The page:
﻿ Bolus/Infusion Optimization

### Bolus/Infusion Optimization

When a compartment system has equilibrated, the total distribution volume can be calculated easily as the ratio of tracer concentration in tissue to the metabolite-corrected plasma concentration with a single static scan. It has been found that the time required to reach equilibrium can be shortened by an optimized tracer delivery. A setup which does not require a sophisticated tracer delivery system is to apply an initial bolus and continue with a constant infusion.

Carson et al.  have developed a method to optimize the ratio between the activity given as the initial bolus and the activity level of the subsequent infusion for quickly reaching an equilibrium (Appendix B in ). It is assumed that tissue TACs as well as the input curve have been measured beforehand in a bolus experiment. Ideally then, the measured activities represent the impulse response of the system. Under this assumption it is possible to calculate the tissue response for any given input curve by just convolving the TACs with the input curve.

Operational Model Curve

For a bolus and infusion (B/I) experiment the input function can be described as an initial impulse followed by a step function, and the convolution can be analytically solved. The resulting model curve is a function of the bolus fraction and the infusion duration. Kbol [min] defines the dose of the bolus expressed as minutes of infusion, and T is the total duration of the infusion (end of last frame). Parameter Fitting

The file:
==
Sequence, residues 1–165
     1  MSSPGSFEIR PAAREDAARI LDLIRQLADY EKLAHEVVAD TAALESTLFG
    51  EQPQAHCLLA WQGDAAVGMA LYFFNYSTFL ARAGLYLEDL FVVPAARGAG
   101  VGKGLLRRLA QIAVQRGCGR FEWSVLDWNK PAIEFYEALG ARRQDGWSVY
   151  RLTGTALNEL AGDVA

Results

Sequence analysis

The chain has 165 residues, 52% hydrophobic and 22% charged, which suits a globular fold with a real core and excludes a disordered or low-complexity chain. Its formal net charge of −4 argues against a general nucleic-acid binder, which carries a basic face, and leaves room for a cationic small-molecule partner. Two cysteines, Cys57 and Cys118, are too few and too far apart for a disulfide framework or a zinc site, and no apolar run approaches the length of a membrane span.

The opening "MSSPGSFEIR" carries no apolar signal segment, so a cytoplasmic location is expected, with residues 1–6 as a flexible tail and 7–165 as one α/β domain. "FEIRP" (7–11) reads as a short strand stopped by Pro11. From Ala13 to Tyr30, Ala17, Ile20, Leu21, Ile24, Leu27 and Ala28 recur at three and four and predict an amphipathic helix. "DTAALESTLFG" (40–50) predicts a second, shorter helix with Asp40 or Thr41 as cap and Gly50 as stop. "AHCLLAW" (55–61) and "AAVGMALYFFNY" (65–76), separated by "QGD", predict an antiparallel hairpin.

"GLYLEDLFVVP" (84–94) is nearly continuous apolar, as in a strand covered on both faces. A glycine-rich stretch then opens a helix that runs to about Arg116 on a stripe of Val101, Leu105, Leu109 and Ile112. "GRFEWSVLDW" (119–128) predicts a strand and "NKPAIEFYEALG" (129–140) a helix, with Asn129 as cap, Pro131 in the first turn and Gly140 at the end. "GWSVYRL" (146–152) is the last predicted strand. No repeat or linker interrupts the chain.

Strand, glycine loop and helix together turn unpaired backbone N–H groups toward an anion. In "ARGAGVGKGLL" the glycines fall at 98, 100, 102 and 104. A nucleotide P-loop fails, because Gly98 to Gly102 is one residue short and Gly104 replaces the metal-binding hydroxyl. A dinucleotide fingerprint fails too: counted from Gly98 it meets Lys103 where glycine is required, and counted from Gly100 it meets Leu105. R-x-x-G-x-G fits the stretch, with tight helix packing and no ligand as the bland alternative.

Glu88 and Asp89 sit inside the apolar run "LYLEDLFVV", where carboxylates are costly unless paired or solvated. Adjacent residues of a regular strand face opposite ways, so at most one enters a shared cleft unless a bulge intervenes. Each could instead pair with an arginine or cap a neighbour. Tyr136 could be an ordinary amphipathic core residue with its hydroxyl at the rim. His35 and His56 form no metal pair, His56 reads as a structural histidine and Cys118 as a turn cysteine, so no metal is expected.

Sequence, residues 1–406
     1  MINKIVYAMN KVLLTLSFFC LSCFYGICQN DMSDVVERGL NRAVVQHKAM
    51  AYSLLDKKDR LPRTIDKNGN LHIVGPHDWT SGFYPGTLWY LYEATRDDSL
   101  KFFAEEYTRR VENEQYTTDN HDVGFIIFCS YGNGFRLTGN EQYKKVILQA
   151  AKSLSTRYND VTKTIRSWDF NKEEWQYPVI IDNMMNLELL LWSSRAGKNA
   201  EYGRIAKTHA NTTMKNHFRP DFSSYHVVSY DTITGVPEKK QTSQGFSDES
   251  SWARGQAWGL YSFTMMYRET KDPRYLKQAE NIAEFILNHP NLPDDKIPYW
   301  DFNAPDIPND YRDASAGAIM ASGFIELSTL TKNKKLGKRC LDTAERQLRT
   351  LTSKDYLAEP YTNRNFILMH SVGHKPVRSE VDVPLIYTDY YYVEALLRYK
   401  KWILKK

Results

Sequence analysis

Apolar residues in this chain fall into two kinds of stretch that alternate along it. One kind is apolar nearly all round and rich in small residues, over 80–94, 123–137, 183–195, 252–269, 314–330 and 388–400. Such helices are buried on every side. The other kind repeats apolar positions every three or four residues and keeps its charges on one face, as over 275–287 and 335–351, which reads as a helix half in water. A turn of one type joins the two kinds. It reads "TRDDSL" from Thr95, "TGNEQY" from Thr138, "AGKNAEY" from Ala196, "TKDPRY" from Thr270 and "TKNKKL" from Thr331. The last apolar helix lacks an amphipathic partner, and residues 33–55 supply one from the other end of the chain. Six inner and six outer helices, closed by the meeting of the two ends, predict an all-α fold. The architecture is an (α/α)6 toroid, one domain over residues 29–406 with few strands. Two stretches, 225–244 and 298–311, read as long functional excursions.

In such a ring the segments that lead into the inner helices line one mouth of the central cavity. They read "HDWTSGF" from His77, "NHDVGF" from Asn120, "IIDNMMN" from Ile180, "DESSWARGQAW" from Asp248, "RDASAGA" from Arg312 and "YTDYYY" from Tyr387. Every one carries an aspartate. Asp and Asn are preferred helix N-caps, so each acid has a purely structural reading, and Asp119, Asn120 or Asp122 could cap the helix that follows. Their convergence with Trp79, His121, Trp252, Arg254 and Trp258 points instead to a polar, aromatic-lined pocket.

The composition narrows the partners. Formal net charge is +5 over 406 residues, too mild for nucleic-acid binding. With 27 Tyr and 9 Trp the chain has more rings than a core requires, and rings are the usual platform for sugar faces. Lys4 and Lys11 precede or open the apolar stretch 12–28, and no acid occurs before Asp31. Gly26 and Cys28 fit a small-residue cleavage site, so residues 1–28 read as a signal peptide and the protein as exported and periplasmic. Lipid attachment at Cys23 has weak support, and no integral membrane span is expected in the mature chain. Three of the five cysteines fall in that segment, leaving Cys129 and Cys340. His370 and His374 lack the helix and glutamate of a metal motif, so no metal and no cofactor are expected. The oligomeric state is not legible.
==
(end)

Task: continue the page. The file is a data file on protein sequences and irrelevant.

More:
It is assumed that the data of a bolus study has been loaded. When the Bolus/Infusion Opt model is selected, the expected tissue activity according to the formula above is calculated using the default parameters, and shown as the model curve.

Kbol can be estimated. The user has to enter a reasonable equilibration time as the input parameter Start Equilibr. When Fit current region is activated, the optimal Kbol is calculated. The criterion for an equilibrium is that the calculated activities from Start Equilibr to the end of the scan are as constant as possible. Also, please note the following:

1. The same formulation holds for both TACs and input curves. However, Kbol can only be fitted with the TAC curve, not the input curve. For the blood curve, the Bolus/Infusion Opt model is only usable for visualizing the plasma response with an entered Kbol value which was obtained in TAC fitting.
2. If the Bolus/Infusion Opt model is applied to a TAC and the Fit blood is enabled in the Extras panel, the Bolus/Infusion Opt model is also applied to the plasma curve during the fit using the plasma model curve. Therefore the plasma model should be an interpolation model, NOT THE B/I model! Kbol is a common parameter in the fit, and the criterion is that both the expected TAC and the expected input curve are constant.
3. The Bolus/Infusion Opt model can be used for coupled fitting to find the optimal dose for several tissues. In a coupled fit, only the TACs are used, and the input curve is currently neglected (as opposed to 2).
4. The residual weighting of all curves involved in the fit should be set to constant weighting.

Reference

1. Carson RE, Channing MA, Blasberg RG, Dunn BB, Cohen RM, Rice KC, Herscovitch P: Comparison of bolus and infusion methods for receptor quantitation: application to [18F]cyclofoxy and positron emission tomography. J Cereb Blood Flow Metab 1993, 13(1):24-42. DOI